A hawk-eyed ad watcher and trend spotter, I couldn’t help but notice the significant shift of some major brands in favor of the Millennial market. Whether it was ads, or what key pieces made the news, or even how long-running shows catered to a younger audience – the key takeaways told me two things: Millenials like stories and they love technology. Neither of these traits fell prey to the classic Millennial stereotypes of “lazy” or “entitled” that even I’m guilty of deferring to from time to time. This got me thinking: who are the Millennials and how do we market to them?

First, contrary to the rest of us, Millennials aren’t Facebook mongers. Millenials prefer punctuated image-friendly communication with their network. They don’t want suggestions on who to like, be friends with, or follow. They also want creative capabilities, which Facebook just doesn’t allow.

Snapchat understood this, which is why the punctuated picture messaging app traffics about 350 million messages daily. That’s a one in five ration and it’s where Millenials currently are more than on Facebook. This is likely the reason why Facebook’s Zuckerberg had his eyes on the app – though unsuccessfully. His $3 billion offer was refused.

Zuckerberg moved onto WhatsApp, a mobile texting startup that (according to Forbes in an article by Shel Israel titled “Facebook Buys WhatsApp: Bonehead or Brilliant?”) is “enjoying meteoric success in developing countries.” So why would Facebook be interested? According to Shel, “Facebook is taking a long view, that Google, Apple, Amazon, Microsoft, Yahoo! and other may not yet be seeing. Most of those companies are doing quite well with available low-hanging fruits of the First World orchards. Facebook seems to be forging out into the jungles and deserts that are yet unexplored by rivals.”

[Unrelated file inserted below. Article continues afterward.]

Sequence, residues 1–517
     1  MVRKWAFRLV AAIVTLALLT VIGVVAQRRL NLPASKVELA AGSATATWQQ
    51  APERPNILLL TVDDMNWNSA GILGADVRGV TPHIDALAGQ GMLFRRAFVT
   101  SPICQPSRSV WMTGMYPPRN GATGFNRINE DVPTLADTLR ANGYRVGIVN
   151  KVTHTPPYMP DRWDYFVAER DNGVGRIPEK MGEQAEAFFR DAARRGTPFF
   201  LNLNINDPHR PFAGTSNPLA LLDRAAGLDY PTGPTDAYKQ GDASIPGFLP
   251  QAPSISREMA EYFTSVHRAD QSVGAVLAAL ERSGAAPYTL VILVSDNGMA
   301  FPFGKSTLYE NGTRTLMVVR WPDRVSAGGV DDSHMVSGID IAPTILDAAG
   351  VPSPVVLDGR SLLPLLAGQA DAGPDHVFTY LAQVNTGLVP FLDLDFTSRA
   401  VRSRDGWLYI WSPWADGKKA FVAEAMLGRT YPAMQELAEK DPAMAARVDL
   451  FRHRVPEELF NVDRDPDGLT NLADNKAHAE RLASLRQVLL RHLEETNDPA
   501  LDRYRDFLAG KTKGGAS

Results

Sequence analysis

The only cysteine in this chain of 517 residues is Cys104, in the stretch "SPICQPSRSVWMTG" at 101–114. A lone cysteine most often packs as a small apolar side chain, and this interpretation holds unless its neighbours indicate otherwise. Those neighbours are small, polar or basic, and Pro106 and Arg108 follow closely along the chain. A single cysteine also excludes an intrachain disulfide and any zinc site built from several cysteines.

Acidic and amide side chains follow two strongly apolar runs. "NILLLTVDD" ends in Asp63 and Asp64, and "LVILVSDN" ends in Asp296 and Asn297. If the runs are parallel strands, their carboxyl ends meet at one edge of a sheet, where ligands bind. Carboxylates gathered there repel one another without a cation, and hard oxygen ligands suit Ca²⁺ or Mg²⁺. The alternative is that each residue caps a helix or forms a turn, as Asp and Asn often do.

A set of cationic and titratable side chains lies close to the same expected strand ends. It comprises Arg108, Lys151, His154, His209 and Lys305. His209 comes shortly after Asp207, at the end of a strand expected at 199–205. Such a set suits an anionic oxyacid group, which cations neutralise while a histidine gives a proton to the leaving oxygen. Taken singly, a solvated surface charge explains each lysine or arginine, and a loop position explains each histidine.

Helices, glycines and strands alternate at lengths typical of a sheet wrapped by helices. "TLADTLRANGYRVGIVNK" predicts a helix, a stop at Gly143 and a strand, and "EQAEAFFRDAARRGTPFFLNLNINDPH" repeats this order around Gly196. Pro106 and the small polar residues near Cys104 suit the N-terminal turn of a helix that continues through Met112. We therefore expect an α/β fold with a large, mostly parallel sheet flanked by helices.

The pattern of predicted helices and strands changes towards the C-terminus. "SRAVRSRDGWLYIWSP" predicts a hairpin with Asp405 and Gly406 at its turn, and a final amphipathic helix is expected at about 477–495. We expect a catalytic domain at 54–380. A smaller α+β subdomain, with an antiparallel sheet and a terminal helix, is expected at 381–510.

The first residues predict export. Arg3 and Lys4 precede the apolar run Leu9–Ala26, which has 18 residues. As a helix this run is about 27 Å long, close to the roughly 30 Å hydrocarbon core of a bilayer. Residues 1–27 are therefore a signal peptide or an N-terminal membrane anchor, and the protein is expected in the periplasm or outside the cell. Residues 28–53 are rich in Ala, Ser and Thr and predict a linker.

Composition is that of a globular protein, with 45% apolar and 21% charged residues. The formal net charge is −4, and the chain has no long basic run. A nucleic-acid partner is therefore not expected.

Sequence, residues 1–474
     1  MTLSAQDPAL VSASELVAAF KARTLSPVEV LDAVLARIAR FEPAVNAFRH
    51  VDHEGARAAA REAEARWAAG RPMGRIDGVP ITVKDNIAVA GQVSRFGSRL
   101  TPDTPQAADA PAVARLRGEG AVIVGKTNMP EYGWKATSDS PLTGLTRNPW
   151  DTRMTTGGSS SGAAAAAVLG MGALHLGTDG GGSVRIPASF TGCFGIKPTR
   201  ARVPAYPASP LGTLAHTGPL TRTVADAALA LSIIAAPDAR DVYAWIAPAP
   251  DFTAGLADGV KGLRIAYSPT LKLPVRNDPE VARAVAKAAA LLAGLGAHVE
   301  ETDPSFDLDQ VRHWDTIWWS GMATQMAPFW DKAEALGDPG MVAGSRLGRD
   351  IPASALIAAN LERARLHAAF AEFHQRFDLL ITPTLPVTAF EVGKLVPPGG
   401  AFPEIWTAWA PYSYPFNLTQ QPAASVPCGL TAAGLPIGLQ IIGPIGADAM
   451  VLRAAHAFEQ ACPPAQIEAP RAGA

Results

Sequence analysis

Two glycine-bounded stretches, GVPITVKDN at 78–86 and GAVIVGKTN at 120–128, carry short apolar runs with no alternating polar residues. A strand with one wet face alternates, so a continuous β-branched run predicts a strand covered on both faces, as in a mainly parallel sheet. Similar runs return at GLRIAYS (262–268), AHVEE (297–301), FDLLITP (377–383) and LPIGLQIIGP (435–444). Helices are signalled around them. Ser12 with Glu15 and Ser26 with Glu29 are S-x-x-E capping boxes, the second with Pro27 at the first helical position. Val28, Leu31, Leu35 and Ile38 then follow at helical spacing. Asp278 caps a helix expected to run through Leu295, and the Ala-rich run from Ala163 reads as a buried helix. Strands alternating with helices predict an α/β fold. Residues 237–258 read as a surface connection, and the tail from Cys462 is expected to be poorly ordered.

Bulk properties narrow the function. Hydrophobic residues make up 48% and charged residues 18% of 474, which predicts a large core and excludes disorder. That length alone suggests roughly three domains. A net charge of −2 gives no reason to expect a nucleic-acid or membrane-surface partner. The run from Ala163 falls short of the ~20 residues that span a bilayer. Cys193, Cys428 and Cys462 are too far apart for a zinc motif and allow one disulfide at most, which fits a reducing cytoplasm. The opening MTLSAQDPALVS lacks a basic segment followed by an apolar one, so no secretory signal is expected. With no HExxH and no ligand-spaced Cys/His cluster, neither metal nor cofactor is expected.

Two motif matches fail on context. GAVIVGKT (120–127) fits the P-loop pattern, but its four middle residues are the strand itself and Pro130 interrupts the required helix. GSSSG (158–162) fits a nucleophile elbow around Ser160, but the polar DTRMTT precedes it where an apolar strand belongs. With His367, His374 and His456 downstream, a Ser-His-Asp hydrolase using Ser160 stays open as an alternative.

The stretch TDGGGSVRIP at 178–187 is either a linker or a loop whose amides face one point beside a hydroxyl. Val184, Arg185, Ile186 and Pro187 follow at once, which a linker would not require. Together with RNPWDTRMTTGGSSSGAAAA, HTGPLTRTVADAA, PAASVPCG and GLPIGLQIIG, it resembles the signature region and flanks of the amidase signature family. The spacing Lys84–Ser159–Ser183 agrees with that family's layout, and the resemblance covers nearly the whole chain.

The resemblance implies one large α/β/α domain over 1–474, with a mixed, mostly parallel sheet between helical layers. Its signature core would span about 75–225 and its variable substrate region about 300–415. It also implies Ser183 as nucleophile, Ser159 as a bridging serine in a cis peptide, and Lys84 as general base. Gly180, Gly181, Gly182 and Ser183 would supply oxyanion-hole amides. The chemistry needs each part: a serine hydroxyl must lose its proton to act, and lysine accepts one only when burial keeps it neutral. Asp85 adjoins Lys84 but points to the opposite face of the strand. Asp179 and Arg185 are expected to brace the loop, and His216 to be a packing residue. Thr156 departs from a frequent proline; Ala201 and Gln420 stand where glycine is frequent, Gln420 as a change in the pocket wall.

Facebook’s attempt to conquest popular apps is about killer visionary perspective: millennial thinking isn’t just about what’s popular today, but about where we’re headed tomorrow. And when it comes to WhatsApp, Facebook recognizes that technology is on a fast rising course, where in just one generation more people have cell phones than running water and electricity. These are today’s demographic and part of a greater Millennial group tomorrow.

Rob Reed, Founder of MomentFeed, would agree that Millenials are into heavy picture platform users – and Instagram is one of them. Rob feels that Instagram provides the most compelling visual medium for communicating brand messages and engaging with loyal customers. Aaron Strout of Marketing Land feels that “with 65% of people being visual learners, social sites that focus on photo and short video sharing are going to win in the long run.” This means that as I had predicted two years prior, the name of the game is images. Graphics, videos, pictures, images, and even portraits – in short visuals – are what Millenials respond to. So where does that leave marketing?

With all the WhatsApp, Snapchat, and Instagram talk, it’s clear Millennials are heavy mobile users. As a Benchmark Email article by Katrina Killer best summarized it, “born between between 1982 and 2000 and numbering 78M, Millennials came of age together with the Internet and mobile phones. Technology to them is no big deal and is a helpful rather than frustrating component to getting things done and being entertained.”

Technology is key. Millennials may seem like a frustrating demographic for marketers, but as Amazon’s Jeff Bezos puts it: “All businesses need to be young forever. If your customer base ages with you, you’re Woolworth’s.” This means getting on board with marketing the way Millennials live.

Katrina understands this, arguing that the mobile savvy group has a 72% smart phone usage and the highest app usage across mobile devices in any one demographic. When it comes to mobile marketing, Katrina argues that “the mobile experience of your brand isn’t an add-on experience for Millennials, it is THE experience.”